In summarizing our appraisal of Sibai and colleagues' study, we were sufficiently satisfied with the validity of the results to now consider whether they are important.
Is this valid evidence important? How likely are the outcomes over time?
Our patient is interested in her chance of developing preeclampsia, given that she had it with her first pregnancy. From the study we found, the best estimate is that she has a 32% risk for preeclampsia (compared with a 23% risk without a history of preeclampsia). She was also interested in the risk for perinatal death if she develops preeclampsia, and we can tell her that the risk is doubled (from 4% for women who do not have preeclampsia to 8% for those who do).
How precise are the prognostic estimates?
In addition to determining the magnitude of the risk, we need to look at the precision of the estimate, which is best done by looking at its 95% confidence interval (CI). If survival over time is the outcome we and our patient are interested in, then data on earlier follow-up periods should be examined because they usually include results from more patients than do later periods. therefore, survival curves are more precise (i.e., they have a narrower CI) earlier in follow-up.
In the study by Sibai and colleagues, 32% of 181 women with previous preeclampsia developed the condition with their current pregnancy. We can use these 2 numbers to calculate the 95% CI around our risk estimate: 25% to 38% (2). This CI is wider than that for women without a history of preeclampsia because more women were in the latter group (risk estimate 23%, CI 20% to 26%). The width of the CI helps us decide whether the results of the study are important. For example, if our study only had 10 women with a history of preeclampsia and 32% of these developed preeclampsia with their current pregnancy, the CI would be 15% to 49%—a result that is too wide to be useful to us or our patient.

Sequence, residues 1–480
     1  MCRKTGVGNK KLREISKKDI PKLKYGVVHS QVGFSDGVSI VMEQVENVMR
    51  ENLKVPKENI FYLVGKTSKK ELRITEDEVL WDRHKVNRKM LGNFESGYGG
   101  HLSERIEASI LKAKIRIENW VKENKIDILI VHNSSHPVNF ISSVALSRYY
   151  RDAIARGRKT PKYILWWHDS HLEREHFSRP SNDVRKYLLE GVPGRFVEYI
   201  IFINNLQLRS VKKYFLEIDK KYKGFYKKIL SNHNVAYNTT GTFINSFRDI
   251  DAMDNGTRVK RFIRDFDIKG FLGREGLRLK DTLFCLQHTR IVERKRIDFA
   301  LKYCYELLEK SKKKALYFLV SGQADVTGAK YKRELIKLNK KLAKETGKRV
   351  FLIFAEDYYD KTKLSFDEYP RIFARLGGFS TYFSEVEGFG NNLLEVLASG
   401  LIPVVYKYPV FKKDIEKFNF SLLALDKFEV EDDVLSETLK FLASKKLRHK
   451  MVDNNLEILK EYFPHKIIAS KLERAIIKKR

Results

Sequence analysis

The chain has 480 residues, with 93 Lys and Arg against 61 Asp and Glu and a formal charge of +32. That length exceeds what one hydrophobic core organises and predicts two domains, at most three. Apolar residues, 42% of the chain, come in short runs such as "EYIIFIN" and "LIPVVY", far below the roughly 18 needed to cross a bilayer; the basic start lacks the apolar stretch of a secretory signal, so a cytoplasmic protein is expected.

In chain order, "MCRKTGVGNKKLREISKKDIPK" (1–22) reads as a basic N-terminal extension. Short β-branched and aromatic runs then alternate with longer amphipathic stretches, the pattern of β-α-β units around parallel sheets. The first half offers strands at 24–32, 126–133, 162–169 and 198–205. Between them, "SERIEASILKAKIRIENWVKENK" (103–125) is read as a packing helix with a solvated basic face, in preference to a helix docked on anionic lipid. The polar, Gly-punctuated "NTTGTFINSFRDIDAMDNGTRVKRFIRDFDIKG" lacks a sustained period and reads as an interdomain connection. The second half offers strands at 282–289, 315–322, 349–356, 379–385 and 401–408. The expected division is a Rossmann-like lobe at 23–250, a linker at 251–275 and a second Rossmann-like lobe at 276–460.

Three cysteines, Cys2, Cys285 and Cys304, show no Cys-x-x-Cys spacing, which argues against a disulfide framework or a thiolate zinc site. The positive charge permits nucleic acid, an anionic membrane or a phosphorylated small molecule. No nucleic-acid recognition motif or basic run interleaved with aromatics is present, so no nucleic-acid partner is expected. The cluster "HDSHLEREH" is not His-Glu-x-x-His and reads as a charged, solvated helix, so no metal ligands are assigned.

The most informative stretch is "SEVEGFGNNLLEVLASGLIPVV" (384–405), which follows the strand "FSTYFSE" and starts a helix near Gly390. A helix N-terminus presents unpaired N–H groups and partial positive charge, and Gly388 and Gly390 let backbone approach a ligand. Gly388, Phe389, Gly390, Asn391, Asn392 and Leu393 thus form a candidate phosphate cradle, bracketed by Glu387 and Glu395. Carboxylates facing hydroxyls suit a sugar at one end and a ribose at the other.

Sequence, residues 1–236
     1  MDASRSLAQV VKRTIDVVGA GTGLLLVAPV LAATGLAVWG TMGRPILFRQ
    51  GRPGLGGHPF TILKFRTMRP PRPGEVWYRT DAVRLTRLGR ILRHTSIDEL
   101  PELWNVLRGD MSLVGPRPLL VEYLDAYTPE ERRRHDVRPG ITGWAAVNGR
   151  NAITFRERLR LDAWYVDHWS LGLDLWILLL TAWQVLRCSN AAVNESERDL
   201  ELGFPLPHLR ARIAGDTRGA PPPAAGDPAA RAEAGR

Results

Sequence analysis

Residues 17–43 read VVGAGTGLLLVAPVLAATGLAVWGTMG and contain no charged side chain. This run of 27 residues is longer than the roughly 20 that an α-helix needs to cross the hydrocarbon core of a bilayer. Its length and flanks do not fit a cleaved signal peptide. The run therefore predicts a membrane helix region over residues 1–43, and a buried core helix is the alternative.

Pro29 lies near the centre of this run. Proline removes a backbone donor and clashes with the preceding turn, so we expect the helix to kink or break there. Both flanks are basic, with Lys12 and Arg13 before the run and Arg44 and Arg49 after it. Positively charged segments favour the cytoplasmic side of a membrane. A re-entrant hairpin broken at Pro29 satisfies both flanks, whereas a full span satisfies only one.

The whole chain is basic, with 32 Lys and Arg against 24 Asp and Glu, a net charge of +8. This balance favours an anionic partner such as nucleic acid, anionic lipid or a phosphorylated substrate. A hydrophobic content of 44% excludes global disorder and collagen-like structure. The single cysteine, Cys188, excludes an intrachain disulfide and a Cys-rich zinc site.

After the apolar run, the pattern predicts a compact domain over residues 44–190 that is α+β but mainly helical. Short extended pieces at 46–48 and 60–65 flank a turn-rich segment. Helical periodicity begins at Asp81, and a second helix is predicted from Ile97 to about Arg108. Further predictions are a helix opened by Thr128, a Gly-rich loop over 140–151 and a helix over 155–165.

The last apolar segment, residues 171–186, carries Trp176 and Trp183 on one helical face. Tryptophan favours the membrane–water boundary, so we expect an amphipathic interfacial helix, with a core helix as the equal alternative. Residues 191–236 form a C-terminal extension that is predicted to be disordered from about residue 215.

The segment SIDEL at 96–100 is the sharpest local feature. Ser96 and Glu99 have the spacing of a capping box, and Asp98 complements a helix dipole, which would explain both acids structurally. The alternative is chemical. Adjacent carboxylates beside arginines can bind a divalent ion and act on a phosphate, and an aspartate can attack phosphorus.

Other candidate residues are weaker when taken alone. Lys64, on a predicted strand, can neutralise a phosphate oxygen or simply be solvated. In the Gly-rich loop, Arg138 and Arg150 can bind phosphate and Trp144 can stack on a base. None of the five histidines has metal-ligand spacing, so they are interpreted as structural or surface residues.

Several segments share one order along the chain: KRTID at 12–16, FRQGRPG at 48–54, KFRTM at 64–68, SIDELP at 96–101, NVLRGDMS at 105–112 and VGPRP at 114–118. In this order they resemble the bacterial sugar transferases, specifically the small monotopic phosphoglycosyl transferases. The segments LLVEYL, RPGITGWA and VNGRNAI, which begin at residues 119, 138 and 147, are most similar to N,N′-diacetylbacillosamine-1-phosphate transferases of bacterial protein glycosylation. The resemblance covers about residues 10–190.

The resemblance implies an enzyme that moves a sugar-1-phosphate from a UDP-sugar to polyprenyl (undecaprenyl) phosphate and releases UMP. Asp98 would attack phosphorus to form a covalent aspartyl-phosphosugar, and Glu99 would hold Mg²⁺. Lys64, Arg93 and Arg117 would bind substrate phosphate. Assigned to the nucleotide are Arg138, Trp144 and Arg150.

Can we apply this valid and important evidence about prognosis to our patient's care? Is our patient so different from the study patients that we cannot use the study results?
Rather than considering whether the study patients are similar to our own patient (generalizability of the study), we suggest considering whether our patient is so different from those in the study that it isn't helpful to us (applicability). For most differences, the answer to this question will be “no,” and we will then need to consider what prognostic factors our patient has that might alter the estimate of her prognosis. Our patient is sufficiently similar to those included in the study (she has chronic hypertension and a history of preeclampsia) that we can decide that the results of the study can be applied to her.
Will this evidence make a clinically important impact on our conclusions about what to tell or offer or patient?
In deciding whether we can apply the results of this study to our patient, we need to consider whether its results lead us to select or avoid a particular course of action. If, for example, a study showed a good prognosis for patients with a particular target disorder who didn't receive treatment, we would probably not recommend therapy in our discussions with the patient. In this case, the high rate of preeclampsia in patients like ours leads us to decide (with our patient) on a policy of close monitoring during her pregnancy for signs of preeclampsia.
ACP Journal Club and Evidence-Based Medicine, and their electronic database, Best Evidence, provide prescreening of articles on prognosis for assembly of an inception cohort and at least 80% follow-up, as well as providing sufficient details of the studies that meet these criteria for readers to complete the appraisal task efficiently. If you are looking for articles that have not been screened for methods, then guides outlined in this note will identify the studies worthy of attention.
Sharon E. Straus, MD
University of Oxford
Oxford, England, UK
Finlay A. McAlister, MD
University of Alberta
Edmonton, Alberta, Canada
3. Sibai BM, Lindheimer M, Hauth J, Caritis S, VanDorsten P, Klebanoff M, et al. Risk factors for preeclampsia, abruptio placentae, and adverse neonatal outcomes among women with chronic hypertension. National Institute of Child Health and Human Development Network of Maternal-Fetal Medicine Units. N Engl J Med. 1998;339:667-71.
5. Caritis S, Sibai B, Hauth J, Lindheimer MD, Klebanoff M, Thom E, et al. Low-dose aspirin to prevent preeclampsia in women at high risk. National Institute of Child Health and Human Development Network of Maternal-Fetal Medicine Units. N Engl J Med. 1998;338:701-5.